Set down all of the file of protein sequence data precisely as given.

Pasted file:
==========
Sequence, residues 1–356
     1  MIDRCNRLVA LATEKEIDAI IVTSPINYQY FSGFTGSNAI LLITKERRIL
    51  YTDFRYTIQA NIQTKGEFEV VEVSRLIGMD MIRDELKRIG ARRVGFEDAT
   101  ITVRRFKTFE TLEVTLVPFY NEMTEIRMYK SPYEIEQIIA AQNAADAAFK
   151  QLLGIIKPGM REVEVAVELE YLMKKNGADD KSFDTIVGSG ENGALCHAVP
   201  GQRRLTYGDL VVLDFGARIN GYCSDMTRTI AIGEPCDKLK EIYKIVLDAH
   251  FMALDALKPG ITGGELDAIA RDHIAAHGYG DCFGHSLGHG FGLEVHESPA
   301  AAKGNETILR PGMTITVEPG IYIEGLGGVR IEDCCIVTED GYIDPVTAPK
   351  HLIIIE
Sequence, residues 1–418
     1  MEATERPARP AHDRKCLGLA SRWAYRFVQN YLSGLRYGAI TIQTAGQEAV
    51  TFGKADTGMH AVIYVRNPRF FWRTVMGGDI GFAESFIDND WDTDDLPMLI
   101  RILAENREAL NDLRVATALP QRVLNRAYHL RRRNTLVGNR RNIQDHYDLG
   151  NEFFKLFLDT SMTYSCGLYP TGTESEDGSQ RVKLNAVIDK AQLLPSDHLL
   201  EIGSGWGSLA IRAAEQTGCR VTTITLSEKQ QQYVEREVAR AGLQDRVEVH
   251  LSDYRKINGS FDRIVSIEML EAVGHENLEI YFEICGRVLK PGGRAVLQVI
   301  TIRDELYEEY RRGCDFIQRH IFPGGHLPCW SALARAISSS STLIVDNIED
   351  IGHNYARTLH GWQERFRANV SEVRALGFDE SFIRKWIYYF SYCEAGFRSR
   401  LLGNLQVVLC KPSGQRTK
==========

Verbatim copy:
Sequence, residues 1–356
     1  MIDRCNRLVA LATEKEIDAI IVTSPINYQY FSGFTGSNAI LLITKERRIL
    51  YTDFRYTIQA NIQTKGEFEV VEVSRLIGMD MIRDELKRIG ARRVGFEDAT
   101  ITVRRFKTFE TLEVTLVPFY NEMTEIRMYK SPYEIEQIIA AQNAADAAFK
   151  QLLGIIKPGM REVEVAVELE YLMKKNGADD KSFDTIVGSG ENGALCHAVP
   201  GQRRLTYGDL VVLDFGARIN GYCSDMTRTI AIGEPCDKLK EIYKIVLDAH
   251  FMALDALKPG ITGGELDAIA RDHIAAHGYG DCFGHSLGHG FGLEVHESPA
   301  AAKGNETILR PGMTITVEPG IYIEGLGGVR IEDCCIVTED GYIDPVTAPK
   351  HLIIIE
Sequence, residues 1–418
     1  MEATERPARP AHDRKCLGLA SRWAYRFVQN YLSGLRYGAI TIQTAGQEAV
    51  TFGKADTGMH AVIYVRNPRF FWRTVMGGDI GFAESFIDND WDTDDLPMLI
   101  RILAENREAL NDLRVATALP QRVLNRAYHL RRRNTLVGNR RNIQDHYDLG
   151  NEFFKLFLDT SMTYSCGLYP TGTESEDGSQ RVKLNAVIDK AQLLPSDHLL
   201  EIGSGWGSLA IRAAEQTGCR VTTITLSEKQ QQYVEREVAR AGLQDRVEVH
   251  LSDYRKINGS FDRIVSIEML EAVGHENLEI YFEICGRVLK PGGRAVLQVI
   301  TIRDELYEEY RRGCDFIQRH IFPGGHLPCW SALARAISSS STLIVDNIED
   351  IGHNYARTLH GWQERFRANV SEVRALGFDE SFIRKWIYYF SYCEAGFRSR
   401  LLGNLQVVLC KPSGQRTK